On the 26th and 27th, we held the last workshops on the campus of AUTh in Thessaloniki. On the first day, the objective was firstly of course to share findings from Pella. Here some differences with other sites were observed, such as the good relationship between the local community and the site employees, as well as the good infrastructure of the museum. On the other hand, shop owners were found to be disconnected from the site, advertisement was lacking despite innovative initiatives such as the availability of a museum app, and the small number of visitors was found to be strongly related to the way tours were organized: indeed, Pella, always figured as the first stop of tourist groups, who, as a result, only stayed in the area for a few hours in the morning.
Interestingly, the teams who interviewed the site employees conceptualized the three archaeological sites we visited during this program as follows: Vergina=Death, Dion=Gods, Pella=Everyday Life. Proposals for a public archaeology would therefore ideally need to take into account the specific qualities and historical development of each site. Perhaps, at this moment, we started feeling that two weeks were not enough to perfect our ideas. Hopefully we will have the opportunity one day to come back again to this project, but, for the moment, the objective is clear: through an extended case-study method, we were to find out about the challenges posed to public archaeology projects based on the information gathered at the three sites, and propose innovative plans to overcome some of these challenges.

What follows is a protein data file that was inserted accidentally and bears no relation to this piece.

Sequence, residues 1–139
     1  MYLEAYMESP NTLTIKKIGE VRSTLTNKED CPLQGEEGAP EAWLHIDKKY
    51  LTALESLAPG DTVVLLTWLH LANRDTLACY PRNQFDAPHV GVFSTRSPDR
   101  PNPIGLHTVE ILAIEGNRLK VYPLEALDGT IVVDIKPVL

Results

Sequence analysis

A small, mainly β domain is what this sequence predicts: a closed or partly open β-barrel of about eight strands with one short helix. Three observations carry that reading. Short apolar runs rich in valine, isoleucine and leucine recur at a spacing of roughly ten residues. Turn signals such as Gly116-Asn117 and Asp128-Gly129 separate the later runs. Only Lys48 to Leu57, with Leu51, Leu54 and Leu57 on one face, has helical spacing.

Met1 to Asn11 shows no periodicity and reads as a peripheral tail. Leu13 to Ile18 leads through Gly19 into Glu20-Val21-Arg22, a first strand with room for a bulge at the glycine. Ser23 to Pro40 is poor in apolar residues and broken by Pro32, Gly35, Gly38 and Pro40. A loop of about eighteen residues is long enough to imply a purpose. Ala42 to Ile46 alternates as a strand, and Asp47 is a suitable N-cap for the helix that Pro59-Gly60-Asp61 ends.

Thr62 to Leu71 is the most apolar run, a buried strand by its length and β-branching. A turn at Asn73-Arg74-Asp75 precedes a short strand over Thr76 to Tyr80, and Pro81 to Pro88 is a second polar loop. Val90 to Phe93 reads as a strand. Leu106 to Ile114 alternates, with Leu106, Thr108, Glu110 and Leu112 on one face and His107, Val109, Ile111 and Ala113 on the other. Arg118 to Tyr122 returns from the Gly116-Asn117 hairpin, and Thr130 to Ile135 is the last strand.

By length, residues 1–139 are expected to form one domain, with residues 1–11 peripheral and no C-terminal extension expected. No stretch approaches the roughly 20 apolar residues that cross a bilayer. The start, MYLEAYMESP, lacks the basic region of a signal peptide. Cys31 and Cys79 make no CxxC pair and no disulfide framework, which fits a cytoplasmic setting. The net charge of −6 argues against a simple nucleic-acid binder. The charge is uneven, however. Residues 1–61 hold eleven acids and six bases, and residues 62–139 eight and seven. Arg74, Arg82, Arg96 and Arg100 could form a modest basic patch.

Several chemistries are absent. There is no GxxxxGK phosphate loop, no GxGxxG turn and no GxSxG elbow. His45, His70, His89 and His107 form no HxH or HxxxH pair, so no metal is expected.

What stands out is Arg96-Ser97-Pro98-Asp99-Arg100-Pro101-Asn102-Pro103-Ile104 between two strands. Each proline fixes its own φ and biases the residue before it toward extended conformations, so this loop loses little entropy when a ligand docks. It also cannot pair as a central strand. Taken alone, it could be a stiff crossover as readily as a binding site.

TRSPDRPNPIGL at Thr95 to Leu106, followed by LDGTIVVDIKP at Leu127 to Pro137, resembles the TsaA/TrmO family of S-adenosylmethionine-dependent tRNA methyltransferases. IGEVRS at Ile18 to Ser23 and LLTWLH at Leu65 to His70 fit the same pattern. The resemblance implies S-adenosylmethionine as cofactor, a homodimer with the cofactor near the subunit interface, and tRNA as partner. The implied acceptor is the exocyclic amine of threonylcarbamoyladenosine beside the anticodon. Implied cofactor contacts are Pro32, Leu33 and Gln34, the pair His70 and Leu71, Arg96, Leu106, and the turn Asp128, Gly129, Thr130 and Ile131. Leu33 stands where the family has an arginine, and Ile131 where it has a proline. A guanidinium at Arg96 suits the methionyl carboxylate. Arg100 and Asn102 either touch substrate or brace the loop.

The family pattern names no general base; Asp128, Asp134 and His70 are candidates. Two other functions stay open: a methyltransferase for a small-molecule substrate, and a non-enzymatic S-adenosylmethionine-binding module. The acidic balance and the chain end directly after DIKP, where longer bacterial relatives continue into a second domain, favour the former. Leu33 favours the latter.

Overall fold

On the 27th, the last day of preparations, spirits were high. We could all see the end. Hands and brains needed to move quickly to complete power points and scripts by the end of the day. The order of presentations was explained in the morning once again: the objective was to build a kind of story with members from different proposal teams presenting on the common challenges that their proposals were targeting. How specific can proposals be so as to prevent eventual criticism? What are the real challenges that each team had in mind when devising their ideas? These were some of the questions that certainly occupied students’ minds till the very end of yet another (probably the last) long day.